After what felt like an eternity of mediocre movies in theatres (or the dull period of special-effects ridden Blockbuster flicks that affects us every summer), I was graced with the privilege of witnessing, because watching is too passive a verb for this particular film, Fruitvale Station. My highest regards to Ryan Coogler on his FIRST feature-length film, but certainly not his last. The movie won the two top prizes at Sundance Film Festival, and it was certainly not without merit.
Primarly, Fruitvale reassured me of the power of art. This director took it upon himself to tell a true, important story in the most honest way possible. This is not a point-of-view skewed by the sensationalist media or by despicable practices of yellow journalism. Coogler’s art has a purpose: to make known the innocent man behind an avoidable tragedy.
Coogler does not make it about race or politics, although race was more than likely a factor in the way Oscar Grant and his three friends were treated (note: this differs greatly, in my mind, from other cases, say, the Zimmerman case, which I do NOT believe was a primarily a question of race. It is important to note these situations on a case-by-case basis). Coogler instead opts to shed light on Grant’s life, as a whole human being, flaws and all.
He portrays Grant as many things–a convict seeking redemption, a drug-dealer bent on changing his ways (and I mean really bent–throwing out an amount of dope that might have covered his rent that month, even after being out of work for two weeks), a young father who not only stuck around but assumed a positive, active role in his four-year-old daughter’s life, a loving son (the movie occurs on his mother’s birthday, for which Grant and his family gather to celebrate), and an overall damn good human being.
Every minute of the film is heart-wrenching, if mainly because of its looming conclusion. Coogler brilliantly begins the film with live footage of the incident, recorded on camera phones by nearby witnesses. The clip is enraging and an unfortunate, irresponsible example of police brutality resulting in unnecessary loss of life. This sort of behavior from individuals of authority raises questions, and it does not aid the declining image of the police force (unfairly, because it only takes one bad cop to taint the image of ten good ones).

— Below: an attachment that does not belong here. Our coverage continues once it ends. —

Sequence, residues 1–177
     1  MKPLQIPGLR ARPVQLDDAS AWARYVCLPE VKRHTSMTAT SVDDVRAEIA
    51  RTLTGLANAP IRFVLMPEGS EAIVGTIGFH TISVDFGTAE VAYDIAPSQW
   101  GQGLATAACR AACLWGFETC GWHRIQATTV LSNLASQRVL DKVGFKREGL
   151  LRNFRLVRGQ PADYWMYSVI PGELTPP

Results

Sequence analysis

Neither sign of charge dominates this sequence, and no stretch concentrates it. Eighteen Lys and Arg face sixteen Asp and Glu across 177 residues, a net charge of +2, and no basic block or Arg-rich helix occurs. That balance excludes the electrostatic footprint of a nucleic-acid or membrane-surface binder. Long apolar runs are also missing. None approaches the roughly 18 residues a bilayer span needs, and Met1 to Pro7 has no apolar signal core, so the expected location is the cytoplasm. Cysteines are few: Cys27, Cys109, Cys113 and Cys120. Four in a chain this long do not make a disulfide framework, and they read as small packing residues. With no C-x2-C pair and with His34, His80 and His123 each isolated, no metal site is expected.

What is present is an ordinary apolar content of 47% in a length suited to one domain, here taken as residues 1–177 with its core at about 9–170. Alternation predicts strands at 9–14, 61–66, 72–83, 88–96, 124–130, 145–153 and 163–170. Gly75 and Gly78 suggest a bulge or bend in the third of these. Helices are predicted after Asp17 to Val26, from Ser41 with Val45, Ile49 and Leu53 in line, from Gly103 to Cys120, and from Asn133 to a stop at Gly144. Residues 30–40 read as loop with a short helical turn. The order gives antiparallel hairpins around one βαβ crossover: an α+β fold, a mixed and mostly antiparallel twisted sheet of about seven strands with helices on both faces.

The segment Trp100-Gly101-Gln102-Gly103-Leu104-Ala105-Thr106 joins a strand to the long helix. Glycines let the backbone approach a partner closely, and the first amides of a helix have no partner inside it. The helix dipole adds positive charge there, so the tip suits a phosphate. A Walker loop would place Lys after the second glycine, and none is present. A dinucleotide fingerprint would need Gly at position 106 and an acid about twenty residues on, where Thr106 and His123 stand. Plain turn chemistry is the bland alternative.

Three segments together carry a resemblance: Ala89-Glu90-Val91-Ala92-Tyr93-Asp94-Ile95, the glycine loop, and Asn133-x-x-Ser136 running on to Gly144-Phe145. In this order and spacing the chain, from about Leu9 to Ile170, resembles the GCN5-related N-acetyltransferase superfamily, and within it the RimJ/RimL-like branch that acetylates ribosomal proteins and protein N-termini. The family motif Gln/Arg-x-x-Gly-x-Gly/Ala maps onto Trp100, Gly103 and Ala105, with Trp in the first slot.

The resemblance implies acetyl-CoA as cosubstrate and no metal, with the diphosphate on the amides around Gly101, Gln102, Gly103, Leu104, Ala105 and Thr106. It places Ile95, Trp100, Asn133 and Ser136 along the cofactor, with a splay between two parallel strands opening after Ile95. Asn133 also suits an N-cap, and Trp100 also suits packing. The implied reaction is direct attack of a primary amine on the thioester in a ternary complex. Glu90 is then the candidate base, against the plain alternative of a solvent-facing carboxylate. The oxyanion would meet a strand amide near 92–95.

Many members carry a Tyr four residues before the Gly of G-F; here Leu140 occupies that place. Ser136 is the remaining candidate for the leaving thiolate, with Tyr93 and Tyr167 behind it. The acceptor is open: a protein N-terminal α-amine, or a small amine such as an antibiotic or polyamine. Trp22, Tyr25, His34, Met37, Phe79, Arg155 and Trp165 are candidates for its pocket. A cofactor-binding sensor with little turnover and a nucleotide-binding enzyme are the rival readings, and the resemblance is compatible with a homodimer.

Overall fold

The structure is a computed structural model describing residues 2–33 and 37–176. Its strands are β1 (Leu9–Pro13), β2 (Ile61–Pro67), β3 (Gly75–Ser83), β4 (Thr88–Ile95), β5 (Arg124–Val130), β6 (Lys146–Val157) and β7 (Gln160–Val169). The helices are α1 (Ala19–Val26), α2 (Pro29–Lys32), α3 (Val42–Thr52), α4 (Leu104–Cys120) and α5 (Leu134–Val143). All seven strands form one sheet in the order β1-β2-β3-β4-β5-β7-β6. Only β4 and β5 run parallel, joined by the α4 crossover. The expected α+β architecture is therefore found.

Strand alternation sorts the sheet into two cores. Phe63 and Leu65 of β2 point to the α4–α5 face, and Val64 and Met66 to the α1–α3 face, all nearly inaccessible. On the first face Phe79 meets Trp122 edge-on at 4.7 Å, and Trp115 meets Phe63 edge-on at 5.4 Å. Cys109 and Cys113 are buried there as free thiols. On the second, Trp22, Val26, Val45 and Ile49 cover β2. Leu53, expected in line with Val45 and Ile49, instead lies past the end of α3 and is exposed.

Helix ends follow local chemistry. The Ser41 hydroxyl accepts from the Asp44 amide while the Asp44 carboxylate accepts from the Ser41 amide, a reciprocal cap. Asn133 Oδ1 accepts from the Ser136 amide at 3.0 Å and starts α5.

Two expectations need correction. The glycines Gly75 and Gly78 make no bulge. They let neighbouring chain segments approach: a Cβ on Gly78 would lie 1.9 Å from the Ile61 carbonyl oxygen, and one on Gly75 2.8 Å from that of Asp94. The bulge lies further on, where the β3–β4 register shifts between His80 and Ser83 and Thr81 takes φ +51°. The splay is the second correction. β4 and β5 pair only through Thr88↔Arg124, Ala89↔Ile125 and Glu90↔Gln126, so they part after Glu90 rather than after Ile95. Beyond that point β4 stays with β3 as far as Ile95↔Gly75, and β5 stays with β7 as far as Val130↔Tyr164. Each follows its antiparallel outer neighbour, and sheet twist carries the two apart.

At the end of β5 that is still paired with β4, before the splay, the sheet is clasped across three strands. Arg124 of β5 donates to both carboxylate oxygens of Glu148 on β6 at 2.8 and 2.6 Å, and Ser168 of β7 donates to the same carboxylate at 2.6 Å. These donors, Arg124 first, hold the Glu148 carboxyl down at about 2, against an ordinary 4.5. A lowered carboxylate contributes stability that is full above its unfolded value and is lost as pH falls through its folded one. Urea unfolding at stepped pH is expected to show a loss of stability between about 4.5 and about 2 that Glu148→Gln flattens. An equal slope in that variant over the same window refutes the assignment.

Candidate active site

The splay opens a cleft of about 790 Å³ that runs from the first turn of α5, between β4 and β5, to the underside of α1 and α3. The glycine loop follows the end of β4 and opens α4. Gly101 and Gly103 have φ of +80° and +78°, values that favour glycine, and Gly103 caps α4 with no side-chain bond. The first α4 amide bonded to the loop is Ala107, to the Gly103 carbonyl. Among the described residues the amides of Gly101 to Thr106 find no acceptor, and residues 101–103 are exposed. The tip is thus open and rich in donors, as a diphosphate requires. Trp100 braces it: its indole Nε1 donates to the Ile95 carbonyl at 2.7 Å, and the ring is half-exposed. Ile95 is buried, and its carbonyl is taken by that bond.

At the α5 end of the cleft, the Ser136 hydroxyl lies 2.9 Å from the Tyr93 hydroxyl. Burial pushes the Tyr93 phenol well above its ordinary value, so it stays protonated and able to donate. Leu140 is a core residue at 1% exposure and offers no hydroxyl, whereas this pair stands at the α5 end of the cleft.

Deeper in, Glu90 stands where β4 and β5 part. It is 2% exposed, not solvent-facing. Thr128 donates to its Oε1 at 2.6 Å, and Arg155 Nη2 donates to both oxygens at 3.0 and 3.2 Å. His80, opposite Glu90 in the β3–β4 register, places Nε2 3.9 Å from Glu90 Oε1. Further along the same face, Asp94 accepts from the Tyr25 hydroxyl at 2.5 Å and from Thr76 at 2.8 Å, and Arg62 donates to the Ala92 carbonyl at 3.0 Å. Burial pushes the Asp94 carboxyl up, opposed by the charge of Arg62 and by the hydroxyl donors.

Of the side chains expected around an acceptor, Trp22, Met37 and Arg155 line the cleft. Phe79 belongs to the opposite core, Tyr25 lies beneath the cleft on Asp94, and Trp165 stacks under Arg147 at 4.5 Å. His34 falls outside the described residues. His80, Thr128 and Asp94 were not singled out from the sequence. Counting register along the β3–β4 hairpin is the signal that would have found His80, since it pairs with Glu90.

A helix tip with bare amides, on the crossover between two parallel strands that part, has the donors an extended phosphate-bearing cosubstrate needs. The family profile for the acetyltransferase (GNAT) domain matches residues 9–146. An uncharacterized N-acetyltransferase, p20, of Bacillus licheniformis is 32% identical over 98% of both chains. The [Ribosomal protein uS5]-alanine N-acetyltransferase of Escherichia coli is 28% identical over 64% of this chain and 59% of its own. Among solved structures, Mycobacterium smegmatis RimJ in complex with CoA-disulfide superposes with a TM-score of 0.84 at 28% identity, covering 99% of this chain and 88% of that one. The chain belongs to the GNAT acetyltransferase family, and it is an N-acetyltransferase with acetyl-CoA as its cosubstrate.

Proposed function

The film crescendoed through the last day of Grant’s life, New Year’s Eve of 2008. Grant is shown in many situations as a shining citizen, regardless of his difficult situation–no job, low income, a child at a young age (calculating that Grant was 22 when he died with a four-year old daughter, he was 18 when she was born), all of which he handles with utmost responsibility and good intention.
Michael B. Jordan excellently portrays Grant, especially in his silent moments of reflection. I was thrilled to see Octavia Spencer in this film, as Grant’s graceful mother, a pillar of fortitude. In an article I read about the film’s production, Grant’s mother stated that she had been approached various times about the possibility of a documentary, declining them all. Something about Coogler, however, made her feel safe, and she accepted his proposal.
When the credits rolled, the theatre was silent. The air was thick with something stronger than second-hand embarrassment. It was remorse, it was flashbacks, it was deep seated sadness. It was the power of art for a greater purpose, the celebration of human life.